First-Generation College Students Support Group

Support Group rules. Photo by Melissa Nunez.
Support Group rules. Photo by Melissa Nunez.

Merriam Webster defines a support group as, “a group of people who have similar experiences and concerns and who meet in order to provide emotional help, advice, and encouragement for one another.” Cal Poly’s Counseling Services offers support groups for students with different types of concerns. A support group that is offered to students is the “First-Generation College Students Support Group.”

Cal Poly Counseling Services and Student Academic Services has worked together on this group. Facilitators for the group are Academic Advisors Maria Arvizu-Rodriguez and John Diaz, Psychologist Ana Cabezas and Counselor Julie Ngin.

Cal Poly Counseling Center Psychologist and Diversity Coordinator Herlina Pranata is also a facilitator for the group.

“Their parents have not gone to college and do not know how to help their students navigate the system. Perhaps the parents themselves have put a lot of additional stress on the students. The students have different challenges from left to right so giving them the support that they need will be really important,” Pranata said.

The support group allows students to share their feelings and thoughts in a safe and comfortable environment. Along with sharing, the group is also a place for students to discuss and discover their strengths, personal attributes, power and resources.

Students discuss and share a variety of topics that relate to first-generation students.

“Common topics are how to balance personal stressors with family obligations, being in a very homogeneous campus, feeling out of place, different and how it affects students sense of competence and self-confidence,” Pranata said.

Students who attend the support group get two units credit for it as a PSY 251 Discussion Group. Psychology Professor Dr. Don Ryujin contributed in making the group a class. The group is composed of students from different years and majors.

“I really like how a lot of us can connect through our experiences. We’re all very different but still provide support to one another. We disagree on some things but it teaches us the difference in values that people have,” fourth year aerospace engineering Vanessa Carranza said.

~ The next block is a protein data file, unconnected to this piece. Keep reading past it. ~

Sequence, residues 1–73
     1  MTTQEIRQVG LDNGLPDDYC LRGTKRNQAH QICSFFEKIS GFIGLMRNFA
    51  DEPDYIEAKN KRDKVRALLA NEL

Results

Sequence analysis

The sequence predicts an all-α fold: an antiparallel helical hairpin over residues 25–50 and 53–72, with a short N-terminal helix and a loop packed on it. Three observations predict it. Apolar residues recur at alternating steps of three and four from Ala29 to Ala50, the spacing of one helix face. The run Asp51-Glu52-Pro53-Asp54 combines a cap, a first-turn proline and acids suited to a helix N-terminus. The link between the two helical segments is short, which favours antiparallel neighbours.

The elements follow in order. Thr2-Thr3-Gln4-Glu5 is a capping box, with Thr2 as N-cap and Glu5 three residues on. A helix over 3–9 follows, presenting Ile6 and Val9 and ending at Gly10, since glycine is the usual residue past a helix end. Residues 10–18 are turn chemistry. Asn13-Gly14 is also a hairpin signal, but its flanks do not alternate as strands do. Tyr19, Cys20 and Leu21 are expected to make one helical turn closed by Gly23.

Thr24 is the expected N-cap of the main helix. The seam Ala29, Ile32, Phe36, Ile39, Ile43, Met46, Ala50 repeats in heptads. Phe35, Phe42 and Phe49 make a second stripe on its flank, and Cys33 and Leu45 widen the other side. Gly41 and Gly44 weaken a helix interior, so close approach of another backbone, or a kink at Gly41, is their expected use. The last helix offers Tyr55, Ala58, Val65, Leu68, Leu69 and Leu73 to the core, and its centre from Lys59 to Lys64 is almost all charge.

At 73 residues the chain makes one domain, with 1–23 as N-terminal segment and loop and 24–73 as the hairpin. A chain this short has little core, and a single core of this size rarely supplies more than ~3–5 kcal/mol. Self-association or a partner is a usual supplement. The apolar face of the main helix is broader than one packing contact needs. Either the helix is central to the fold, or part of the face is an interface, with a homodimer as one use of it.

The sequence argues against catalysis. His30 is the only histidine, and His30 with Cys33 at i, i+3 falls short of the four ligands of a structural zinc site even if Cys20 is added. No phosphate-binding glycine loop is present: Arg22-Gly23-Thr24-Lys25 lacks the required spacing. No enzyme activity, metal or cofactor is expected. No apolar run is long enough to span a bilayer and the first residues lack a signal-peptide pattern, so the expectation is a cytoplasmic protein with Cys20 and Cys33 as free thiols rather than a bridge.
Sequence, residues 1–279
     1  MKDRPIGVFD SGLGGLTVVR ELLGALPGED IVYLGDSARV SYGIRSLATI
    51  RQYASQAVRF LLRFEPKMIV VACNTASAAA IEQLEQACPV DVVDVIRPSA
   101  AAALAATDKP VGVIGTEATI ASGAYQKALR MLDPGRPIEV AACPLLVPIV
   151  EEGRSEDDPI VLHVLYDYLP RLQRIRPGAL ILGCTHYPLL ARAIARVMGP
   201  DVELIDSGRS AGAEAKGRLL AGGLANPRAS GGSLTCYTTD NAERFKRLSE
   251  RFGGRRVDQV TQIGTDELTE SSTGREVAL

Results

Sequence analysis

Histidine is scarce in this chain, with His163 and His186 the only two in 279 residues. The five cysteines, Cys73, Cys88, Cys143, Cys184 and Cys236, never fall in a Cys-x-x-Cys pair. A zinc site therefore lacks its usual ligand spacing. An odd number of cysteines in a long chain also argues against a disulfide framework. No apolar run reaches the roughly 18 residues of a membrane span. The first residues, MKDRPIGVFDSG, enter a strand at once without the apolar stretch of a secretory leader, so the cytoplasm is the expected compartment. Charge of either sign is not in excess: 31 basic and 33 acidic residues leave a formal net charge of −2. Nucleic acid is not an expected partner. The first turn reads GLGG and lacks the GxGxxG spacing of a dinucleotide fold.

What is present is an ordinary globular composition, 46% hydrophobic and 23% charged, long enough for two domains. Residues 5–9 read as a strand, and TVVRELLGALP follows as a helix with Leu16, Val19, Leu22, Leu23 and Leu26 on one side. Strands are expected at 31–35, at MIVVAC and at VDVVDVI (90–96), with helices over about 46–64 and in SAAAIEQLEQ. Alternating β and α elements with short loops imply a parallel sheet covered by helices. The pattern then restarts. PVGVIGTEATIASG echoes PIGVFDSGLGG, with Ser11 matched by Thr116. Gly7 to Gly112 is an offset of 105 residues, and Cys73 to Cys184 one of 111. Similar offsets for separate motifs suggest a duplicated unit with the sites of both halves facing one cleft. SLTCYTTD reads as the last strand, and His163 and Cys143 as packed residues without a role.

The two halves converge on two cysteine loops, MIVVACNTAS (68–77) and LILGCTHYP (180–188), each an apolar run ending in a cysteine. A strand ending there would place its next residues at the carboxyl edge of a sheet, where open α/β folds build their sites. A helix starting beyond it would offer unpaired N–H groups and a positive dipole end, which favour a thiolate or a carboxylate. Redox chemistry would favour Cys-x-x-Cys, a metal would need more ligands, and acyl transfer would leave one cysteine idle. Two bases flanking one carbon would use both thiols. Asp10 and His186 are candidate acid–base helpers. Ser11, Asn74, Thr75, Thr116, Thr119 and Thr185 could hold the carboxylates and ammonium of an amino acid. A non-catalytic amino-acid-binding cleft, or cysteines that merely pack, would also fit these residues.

It is also a place where students can develop a new understanding of how their culture, race/ethnicity and other identities affect their college experience as first-generation students.

“It has helped me build my confidence and believe in myself more. I tend to keep things bottled in, and the group has helped me talk more about my experiences and process emotions that I haven’t been comfortable touching upon,” Carranza said.

The group is only a quarter long and even though it can be easy to open up about a few things about others it can be difficult.

“I feel comfortable about sharing social issues and academic issues. I’m not too comfortable about sharing personal issues just yet. I’m still getting to know them,” said first year civil engineering Faridur Rahmen.

It is where students can come together and find someone that they can relate to.

“Being a first generation student, you feel different from other students.  The support group helps me know that I’m not alone. There’s others like me, and it’s great to be surrounded by others who are similar, yet different than yourself,” first year Dairy Science Mika Mercado said.

What is your favorite aspect of the support group?

Faridur Rahman. Photo by Melissa Nunez.
Faridur Rahman. Photo by Melissa Nunez.

“My favorite thing about the support group would probably be the diversity. Even though we are all first gens, we all have different experience levels and come from different backgrounds.” – Faridur Rahmen

Mika Mercado. Photo by Melissa Nunez.
Mika Mercado. Photo by Melissa Nunez.

“My favorite thing, is the thing I’m most scared of, getting deep. It’s a place where we can let it all out, our stress, what we’re thinking, and we don’t have to worry about being judged.” I’ve been able to hear how everyone has a different story, we’ve all had problems and troubles, but we don’t let it stop us from going forward.”  – Mika Mercado

Jesus Nolasco. Photo by Melissa Nunez.
Jesus Nolasco. Photo by Melissa Nunez.

“I really enjoy the facilitators they seem very willing to help and listen it’s really nice when someone just sits and listens to you without judging you.” – Jesus Nolasco


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